In this study, PinX1 mRNA and protein expression in PCa and adjacent normal prostate tissues were evaluated by real-time quantitative RT-PCR (qRT-PCR) and western blotting. Immunohistochemistry (IHC) analysis for PinX1 was performed on a PCa tissue microarray (TMA). Here we report the expression of PinX1 mRNA and protein was decreased in PCa. Reduced expression of PinX1 was correlated to progressive features in patients with PCa.
Expression of PinX1 mRNA and protein in paired PCa and adjacent normal prostate tissues
Expression of PinX1 in PCa by IHC and cut-off score selection
Area under the ROC curve for each clinicopathological features
AUC (95% CI)
Relationship between PinX1 expression and clinicopathological characteristics of PCa patients
Association of PinX1 expression with clinicopathological characteristics of PCa patients
Age at surgery (years)
At prescent, PSA is still the most commonly used molecular markers for the diagnosis of PCa. However, due to the drawback of PSA as a nonspecific biomarker, nontumor patients who underwent diagnostic prostate biopsies and clinically insignificant PCa patients who received overtreatments had increased globally. This had not only placed great physical and psychological burden on the patients, but also increased the cost on health care of the governments. Therefore, novel biomarkers such as PCA3, TMPRSS2-ERG and some microRNAs  etc. have been assessed for their diagnostic and prognostic role in PCa, especially the detection of these biomarker in the body fluid such as blood, urine or seminal fluid.
Tissue biomarkers such as Ki-67, PTEN, E-Cadherin, EZH2, SPINK and ERG are important for evaluating the prognosis of the patients after the prostate biopsies or radical prostatectomy. Khatami et al. . proved the correlation of Ki-67 to prostate-specific antigen doubling time (PSADT), Gleason score, and its role as a valuable prognostic marker of PSA relapse after radical prostatectomy in men with screen-detected, low-grade, low-stage PCa. Ritu et al.  developed a novel dual color immunohistochemical method recently which could simultaneously detect the ERG-PTEN and ERG-SPINK1 status in PCa. In addition, novel gene panel which detect and score the expression of 31 genes simultaneously was also developed for evaluating the prognosis of PCa [22, 23]. Although the progress appears to be encouraging, there is still an urgent need for new objective strategies and novel biomarkers for diagnosis, prognosis and evaluation of drug resistance.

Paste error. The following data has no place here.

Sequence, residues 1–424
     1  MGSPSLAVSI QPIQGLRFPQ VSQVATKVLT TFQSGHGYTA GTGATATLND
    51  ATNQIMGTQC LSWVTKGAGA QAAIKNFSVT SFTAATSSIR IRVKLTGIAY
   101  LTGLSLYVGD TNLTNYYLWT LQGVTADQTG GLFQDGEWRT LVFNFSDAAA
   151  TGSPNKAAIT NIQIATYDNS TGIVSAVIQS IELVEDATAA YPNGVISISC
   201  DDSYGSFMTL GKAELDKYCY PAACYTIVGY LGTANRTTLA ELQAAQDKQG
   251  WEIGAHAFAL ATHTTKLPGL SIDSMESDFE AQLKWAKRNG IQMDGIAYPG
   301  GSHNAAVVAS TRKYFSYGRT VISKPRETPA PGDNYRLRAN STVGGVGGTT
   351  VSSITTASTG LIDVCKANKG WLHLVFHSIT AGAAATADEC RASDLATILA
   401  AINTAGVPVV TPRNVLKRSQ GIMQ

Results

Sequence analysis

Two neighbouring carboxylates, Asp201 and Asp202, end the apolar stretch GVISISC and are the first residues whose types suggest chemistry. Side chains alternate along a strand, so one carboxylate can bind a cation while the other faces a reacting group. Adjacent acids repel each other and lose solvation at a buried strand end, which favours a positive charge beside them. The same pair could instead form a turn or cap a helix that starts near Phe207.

PinX1 is a newly identified telomere-associated protein which was recruited to the telomeres by TRF1, provided a critical link between TRF1 and telomerase inhibition to help maintain telomere homeostasis . Reduced expression of PinX1 has been implicated in various human cancers, such as breast cancer , ovarian cancer , gastric cancer [10, 11] and liver cancer , which suggested a tumor suppressor role of pinX1 in multiple human cancers. However, the relationship between PinX1 expression status and clinicopathological features of PCa has not been reported so far. In this study, qRT-PCR and western blotting were applied to examine the expression levels of both the PinX1 mRNA and protein in paired PCa and adjacent normal prostate tissue samples. The results were in line with expectations that reduced expression of PinX1 mRNA and protein were observed in the majority of PCa, when compared with their paired adjacent normal prostate tissues (P < 0.05).